Make the leap.

 

 

 

 

Abundance and Safety

abundancefish

No question that for most people in the United States there is an abundance of almost everything needed to live a fruitful and interesting life. Clearly not smooth or easy across the board, but certainly miles better than things were for the average person a hundred years ago.

Amazingly, we still struggle with having what’s often referred to as an abundance mentality. We still separate, divide, protect, even hoard resources. We operate out of fear, or in a mindset to keep safe what we have while we sometimes want what others have (validating our fears).

Consider the story about the two shoe salesmen who went to Africa.

After a week, one man calls the manager and tells her, “I’m coming back home. There’s no hope here. Nobody here is wearing shoes, so there’s no one to sell to.” He boards the next flight home.

The second man calls and says, “You wouldn’t believe what I found here. There is so much opportunity. No one here is wearing shoes. I can sell to the whole country!”

It’s all a matter of perspective, and our perspective is often frustratingly biased towards a lack of abundance, and fear over what might be lost.

I have been referred to as a “risk taker” by a friend. Hrm. Really?! I’ve worked at the same company for 24 years (through five roles), and lived in the same area for that time. Sure, I drive sports cars fast, invest money in risky ventures, and go out on limbs in some other areas, but I wouldn’t characterize myself as a risk-taker at all. Well, maybe relative to this person I am, and that’s my point! I really just try to see that there is an abundance of opportunities available, so a little risk in places is a good practice. If I stumble, I can pick myself up. Otherwise life gets too stale.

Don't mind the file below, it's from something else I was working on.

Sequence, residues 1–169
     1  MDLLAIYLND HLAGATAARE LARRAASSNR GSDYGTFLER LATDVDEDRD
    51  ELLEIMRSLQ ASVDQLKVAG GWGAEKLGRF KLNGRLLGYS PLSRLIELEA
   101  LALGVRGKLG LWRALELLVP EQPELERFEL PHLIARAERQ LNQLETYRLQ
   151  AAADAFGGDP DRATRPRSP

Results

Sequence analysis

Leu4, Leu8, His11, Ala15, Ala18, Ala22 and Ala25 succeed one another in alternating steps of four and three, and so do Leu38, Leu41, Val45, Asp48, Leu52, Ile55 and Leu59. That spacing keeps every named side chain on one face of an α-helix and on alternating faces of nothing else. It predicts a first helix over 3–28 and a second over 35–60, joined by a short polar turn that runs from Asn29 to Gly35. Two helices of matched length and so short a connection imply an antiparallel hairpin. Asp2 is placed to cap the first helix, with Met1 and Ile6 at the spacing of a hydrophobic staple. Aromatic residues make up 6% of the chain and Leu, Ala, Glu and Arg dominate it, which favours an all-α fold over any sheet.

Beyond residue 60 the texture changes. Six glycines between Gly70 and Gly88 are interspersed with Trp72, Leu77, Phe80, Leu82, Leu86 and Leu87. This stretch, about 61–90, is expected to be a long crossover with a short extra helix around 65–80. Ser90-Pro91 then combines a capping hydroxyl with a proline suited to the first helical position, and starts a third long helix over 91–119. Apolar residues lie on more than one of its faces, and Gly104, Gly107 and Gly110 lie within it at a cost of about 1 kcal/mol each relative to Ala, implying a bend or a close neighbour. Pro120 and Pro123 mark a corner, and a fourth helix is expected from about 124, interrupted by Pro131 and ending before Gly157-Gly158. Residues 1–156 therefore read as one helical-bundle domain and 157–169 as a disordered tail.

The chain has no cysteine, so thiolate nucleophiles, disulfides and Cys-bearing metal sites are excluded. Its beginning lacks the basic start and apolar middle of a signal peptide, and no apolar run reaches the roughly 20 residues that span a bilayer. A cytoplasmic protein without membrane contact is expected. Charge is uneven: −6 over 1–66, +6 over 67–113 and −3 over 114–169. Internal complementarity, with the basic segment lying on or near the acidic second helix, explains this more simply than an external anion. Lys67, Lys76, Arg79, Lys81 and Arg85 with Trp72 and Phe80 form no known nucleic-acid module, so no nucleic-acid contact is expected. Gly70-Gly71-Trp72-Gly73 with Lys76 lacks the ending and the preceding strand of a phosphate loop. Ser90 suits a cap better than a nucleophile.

Adventure may be dangerous, but routine is lethal. You deserve better. Put some danger in your life and live. Something really beautiful could happen.

Discipline or Regret

Pick your poison. You can be disciplined and do what you need to do now, or you can regret not doing it later.

An easy example is exercise — I don’t get enough. I try. Although I enjoy certain activities that provide exercise I absolutely hate exercise in and of itself…every living minute of it. But I do it. I sometimes tell myself I’ll do more when _______. It’s all bullshit. When the ______  time comes I still don’t want to do it. The only thing that works (for me) is to think about the alternative (regret) and make myself do it. Good music on an iPod helps a little.

But…beware, regret is tricky and can rise from unexpected places. Be careful with narrow assumptions about what discipline means, such as assuming it means lots of hard work at the expense of the other joys of life.

The exercise example is simple. I only wish other things were so clear cut. Sometimes discipline is the courage to do what you know you must do. Or it can be the courage to not do what you wish you could do. Or…it can be manifesting the courage to try what is risky, because not taking the risk can lead to as much or more regret than taking it.